3. Avoid creating low-quality indexes.. A low-quality index (for the purpose of this checklist) is one where there are more than 10 or 20 rows in the table that have the same value for the left-most column of the index. In particular, avoid using boolean or "enum" columns as the left-most columns of your indexes.

    The Fossil performance problem described in the previous section of this document arose because there were over ten-thousand entries in the TAGXREF table with the same value for the left-most column (the TAGID column) of the TAGXREF_I1 index.

  4. If you must use a low-quality index, be sure to run ANALYZE. Low-quality indexes will not confuse the query planner as long as the query planner knows that the indexes are of low quality. And the way the query planner knows this is by the content of the SQLITE_STAT1 table, which is computed by the ANALYZE command.

    Of course, ANALYZE only works effectively if you have a significant amount of content in your database in the first place. When creating a new database that you expect to accumulate a lot of data, you can run the command "ANALYZE sqlite_schema" to create the SQLITE_STAT1 table, then prepopulate the sqlite_stat1 table (using ordinary INSERT statements) with content that describes a typical database for your application - perhaps content that you extracted after running ANALYZE on a well-populated template database in the lab. Or, you could just run "PRAGMA optimize" before shutting down database connections so that ANALYZE will be run automatically as needed to keep the sqlite_stat1 table current.

  5. Instrument your code. Add logic that lets you know quickly and easily which queries are taking too much time. Then work on just those specific queries.

    Update 2024: The query planner has been improved so much over the years that you should never need to use any of the hacks described below. The capabilities described below are still available, for backwards compatibility. But you shouldn't use them. If you do find a case where you are getting a suboptimal query plan, please report it to the SQLite developers on the SQLite Forum so that they can try to fix the problem. In other words:

    Stop Reading Here!

    To help encourage you to stop reading, the remainder of this checklist is now grayed out.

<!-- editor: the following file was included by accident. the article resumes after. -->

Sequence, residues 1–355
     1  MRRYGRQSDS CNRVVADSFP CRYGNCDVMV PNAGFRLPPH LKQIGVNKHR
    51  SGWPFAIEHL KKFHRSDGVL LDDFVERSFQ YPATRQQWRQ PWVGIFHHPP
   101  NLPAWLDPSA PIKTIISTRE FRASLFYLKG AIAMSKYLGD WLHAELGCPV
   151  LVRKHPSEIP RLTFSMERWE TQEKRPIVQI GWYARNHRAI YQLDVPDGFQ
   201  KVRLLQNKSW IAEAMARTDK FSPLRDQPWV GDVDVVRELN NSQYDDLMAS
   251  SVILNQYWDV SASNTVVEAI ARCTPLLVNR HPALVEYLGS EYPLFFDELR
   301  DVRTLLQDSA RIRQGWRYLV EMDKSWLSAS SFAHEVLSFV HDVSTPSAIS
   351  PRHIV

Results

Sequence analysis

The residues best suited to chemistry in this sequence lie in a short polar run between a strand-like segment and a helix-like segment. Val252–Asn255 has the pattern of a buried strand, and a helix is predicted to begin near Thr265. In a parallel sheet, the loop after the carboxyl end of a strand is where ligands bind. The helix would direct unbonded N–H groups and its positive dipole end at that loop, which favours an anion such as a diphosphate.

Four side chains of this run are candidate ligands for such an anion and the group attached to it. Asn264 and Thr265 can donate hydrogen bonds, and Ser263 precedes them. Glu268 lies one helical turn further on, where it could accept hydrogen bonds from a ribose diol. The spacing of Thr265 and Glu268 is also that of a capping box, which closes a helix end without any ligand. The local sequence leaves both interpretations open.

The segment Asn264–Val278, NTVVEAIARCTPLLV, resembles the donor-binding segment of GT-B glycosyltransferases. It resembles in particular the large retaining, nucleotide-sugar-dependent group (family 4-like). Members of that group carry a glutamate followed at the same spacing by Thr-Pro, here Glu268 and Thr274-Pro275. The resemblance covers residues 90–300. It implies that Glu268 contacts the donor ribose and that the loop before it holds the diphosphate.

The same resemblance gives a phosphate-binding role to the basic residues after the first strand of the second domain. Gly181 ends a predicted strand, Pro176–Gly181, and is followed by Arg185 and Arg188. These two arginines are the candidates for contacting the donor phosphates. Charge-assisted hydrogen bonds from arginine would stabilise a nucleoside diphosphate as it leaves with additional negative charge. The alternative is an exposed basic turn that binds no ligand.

6. Use unlikely() and likelihood() SQL functions. SQLite normally assumes that terms in the WHERE clause that cannot be used by indexes have a strong probability of being true. If this assumption is incorrect, it could lead to a suboptimal query plan. The unlikely() and likelihood() SQL functions can be used to provide hints to the query planner about WHERE clause terms that are probably not true, and thus aid the query planner in selecting the best possible plan.

  7. Use the CROSS JOIN syntax to enforce a particular loop nesting order on queries that might use low-quality indexes in an unanalyzed database. SQLite treats the CROSS JOIN operator specially, forcing the table to the left to be an outer loop relative to the table on the right.

  8. Use unary "+" operators to disqualify WHERE clause terms. If the query planner insists on selecting a poor-quality index for a particular query when a much higher-quality index is available, then careful use of unary "+" operators in the WHERE clause can force the query planner away from the poor-quality index. Avoid using this trick if at all possible, and especially avoid it early in the application development cycle. Beware that adding a unary "+" operator to an equality expression might change the result of that expression if type affinity is involved.

  9. Use the INDEXED BY syntax to enforce the selection of particular indexes on problem queries. As with the previous two bullets, avoid this step if possible, and especially avoid doing this early in development as it is clearly a premature optimization.

6. Summary

The query planner in SQLite normally does a terrific job of selecting fast algorithms for running your SQL statements. This is true of the legacy query planner and even more true of the new NGQP. There may be an occasional situation where, due to incomplete information, the query planner selects a suboptimal plan. This will happen less often with the NGQP than with the legacy query planner, but it might still happen. Only in those rare cases do application developers need to get involved and help the query planner to do the right thing. In the common case, the NGQP is just a new enhancement to SQLite that makes the application run a little faster and which requires no new developer thought or action.

This page last modified on 2024-05-10 14:30:36 UTC